2. As a result traditional religions which demand duty and obedience are declining. As Heelas and Woodhouse put it 'religion that tells you what to believe and how to behave is out of tune with a culture which believes it is up to us to seek answers
64 of 125
A spiritual revolution? (8)
3. Evangelical churches are more successful than the traditional churches. They both demand discipline and duty but the evangelicals emphasise the importance of spiritual healing and personal growth through the experience of being 'born again'.
65 of 125
A spiritual revolution? (9)
In the spiritual marketplace therefore the winners are those who appeal to personal experience as the only genuine source of meaning and fulfillment rather than the received teachings and commandments of traditional religion.
66 of 125
The weakness of the New Age
Many of the sociologists argue that there is no general trend towards secularisation. In their view religion is not declining but rather changing its nature or form. However critics challenge this claim. For example Bruce makes the following points:
67 of 125
The weakness of the New Age (2)
The problem of scale: Even if New Age forms of individualised religion are springing up this would have to be on a much larger scale if it is to fill the gap left by the decline of traditional institutionalised religions. For example in Kendal in
68 of 125
The weakness of the New Age (3)
1851 about 38% of the population attended church ever Sunday. To match that today there would need to be 14,500 churchgoers instead of the 3,000 who actually attend church.
69 of 125
The weakness of the New Age (4)
Socialisation of the next generation. For a belief system to survive it must be passed down to the next generation. However in Kendal only 32% of parents who were involved in the New Age said their children shared their spiritual interests.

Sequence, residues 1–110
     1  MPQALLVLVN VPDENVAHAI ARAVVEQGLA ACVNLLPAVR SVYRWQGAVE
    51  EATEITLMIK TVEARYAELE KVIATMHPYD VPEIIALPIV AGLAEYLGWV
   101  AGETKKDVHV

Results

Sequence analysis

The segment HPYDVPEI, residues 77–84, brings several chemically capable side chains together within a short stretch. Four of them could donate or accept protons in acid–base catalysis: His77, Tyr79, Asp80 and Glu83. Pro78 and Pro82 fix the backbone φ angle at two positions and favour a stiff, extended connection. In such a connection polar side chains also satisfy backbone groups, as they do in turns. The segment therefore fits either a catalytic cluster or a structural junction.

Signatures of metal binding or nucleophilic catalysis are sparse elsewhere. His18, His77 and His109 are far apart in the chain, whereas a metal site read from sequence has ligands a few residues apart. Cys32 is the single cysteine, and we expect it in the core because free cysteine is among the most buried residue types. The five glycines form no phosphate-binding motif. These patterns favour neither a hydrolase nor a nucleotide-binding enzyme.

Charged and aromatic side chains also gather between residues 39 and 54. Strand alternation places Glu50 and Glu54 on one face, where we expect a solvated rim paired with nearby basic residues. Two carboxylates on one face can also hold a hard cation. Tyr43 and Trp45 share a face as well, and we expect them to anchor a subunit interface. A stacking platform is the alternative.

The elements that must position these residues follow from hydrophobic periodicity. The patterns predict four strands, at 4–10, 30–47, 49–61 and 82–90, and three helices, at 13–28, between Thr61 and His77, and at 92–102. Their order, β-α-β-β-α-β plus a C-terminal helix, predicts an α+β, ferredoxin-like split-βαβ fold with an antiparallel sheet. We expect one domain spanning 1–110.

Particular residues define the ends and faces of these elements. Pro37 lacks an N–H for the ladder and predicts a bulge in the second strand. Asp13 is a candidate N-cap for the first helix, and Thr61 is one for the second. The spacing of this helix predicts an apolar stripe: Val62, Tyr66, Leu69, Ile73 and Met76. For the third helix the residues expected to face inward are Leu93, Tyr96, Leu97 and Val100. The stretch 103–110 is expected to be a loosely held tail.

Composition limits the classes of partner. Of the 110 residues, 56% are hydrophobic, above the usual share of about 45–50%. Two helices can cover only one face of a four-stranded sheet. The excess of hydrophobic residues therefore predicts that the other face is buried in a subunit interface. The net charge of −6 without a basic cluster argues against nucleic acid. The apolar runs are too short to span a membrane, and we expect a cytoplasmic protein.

70 of 125
The weakness of the New Age (5)
Yet to maintain the same number of believers in the next generation, a typical couple with two children would have to socialise both of them into New Age views. Furthermore women in the holistic milieu are more likely to be childless. And in at least
71 of 125
The weakness of the New Age (6)
three-quarters of marriages with a woman in the holistic milieu the husband does not share his wife's beliefs-further reducing the likelihood of transmitting them to their children.
72 of 125
The weakness of the New Age (7)
Weak commitment. Glendenning and Bruce (2006) found that although many people dabbled in meditation, alternative medicine, astrology, horoscopes and serious commitment to New Age beliefs and practices was very rare. Even among those who described
73 of 125
The weakness of the New Age (8)
themselves as spiritual very few said that such practices were important in their lives. Bruce (2011) notes that most people in every demographic category show no interest in alternative spirituality.
74 of 125
The weakness of the New Age (9)
Structural weakness.New Age spirituality is itself a cause of secularisation because of its subjective, individualistic nature-it is based on the idea that there is no higher authority than the self. This means that unlike traditional religion the
75 of 125
The weakness of the New Age (10)
New Age: lacks an external power to extract commitment from New Age participants against their wishes, cannot achieve consensus about its beliefs because everyone is free to believe whatever they wish so it lacks cohesion as a movement,
76 of 125
The weakness of the New Age (11)
cannot evangelise because it believes that enlightenment comes from within not from someone else. These characteristics make the New Age structurally weak and unlikely to fill the gap left by the decline of traditional institutional religion.
77 of 125
Religious market theory
The main advocates of religious market theory are Stark and Bainbridge (1986). They are very critical of secularisation theory which they see as eurocentric- it focuses on the decline of religion in Europe and it fails to explain its continuing
78 of 125
Religious market theory (2)